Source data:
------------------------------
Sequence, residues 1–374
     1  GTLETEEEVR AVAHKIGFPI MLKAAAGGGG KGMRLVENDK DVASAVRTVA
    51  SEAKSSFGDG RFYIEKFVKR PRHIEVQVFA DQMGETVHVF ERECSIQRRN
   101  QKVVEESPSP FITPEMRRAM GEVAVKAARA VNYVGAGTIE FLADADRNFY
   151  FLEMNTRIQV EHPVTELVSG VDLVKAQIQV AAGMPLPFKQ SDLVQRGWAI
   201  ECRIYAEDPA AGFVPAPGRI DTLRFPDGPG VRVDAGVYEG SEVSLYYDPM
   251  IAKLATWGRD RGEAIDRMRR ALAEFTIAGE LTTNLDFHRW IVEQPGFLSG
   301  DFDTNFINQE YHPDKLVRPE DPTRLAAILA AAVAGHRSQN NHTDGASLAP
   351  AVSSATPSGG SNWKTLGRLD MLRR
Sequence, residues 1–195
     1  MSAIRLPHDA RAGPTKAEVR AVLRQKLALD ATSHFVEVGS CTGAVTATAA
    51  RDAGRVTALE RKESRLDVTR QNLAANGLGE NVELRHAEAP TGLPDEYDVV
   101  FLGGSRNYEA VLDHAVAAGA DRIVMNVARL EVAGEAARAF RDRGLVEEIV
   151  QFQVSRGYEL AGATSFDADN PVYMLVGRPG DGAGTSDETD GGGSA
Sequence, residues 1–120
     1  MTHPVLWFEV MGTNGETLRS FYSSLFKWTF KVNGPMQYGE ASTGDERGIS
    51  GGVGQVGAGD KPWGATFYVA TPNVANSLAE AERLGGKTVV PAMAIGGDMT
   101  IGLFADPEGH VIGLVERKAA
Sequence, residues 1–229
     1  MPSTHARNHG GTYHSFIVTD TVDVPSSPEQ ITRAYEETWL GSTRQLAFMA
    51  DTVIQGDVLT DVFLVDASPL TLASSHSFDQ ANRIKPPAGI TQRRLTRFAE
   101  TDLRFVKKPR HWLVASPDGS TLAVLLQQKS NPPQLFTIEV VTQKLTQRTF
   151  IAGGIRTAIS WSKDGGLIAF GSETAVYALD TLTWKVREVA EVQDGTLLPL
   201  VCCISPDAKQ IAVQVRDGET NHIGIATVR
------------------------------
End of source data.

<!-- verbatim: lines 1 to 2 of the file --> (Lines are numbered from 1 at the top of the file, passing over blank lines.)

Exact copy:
Sequence, residues 1–374
     1  GTLETEEEVR AVAHKIGFPI MLKAAAGGGG KGMRLVENDK DVASAVRTVA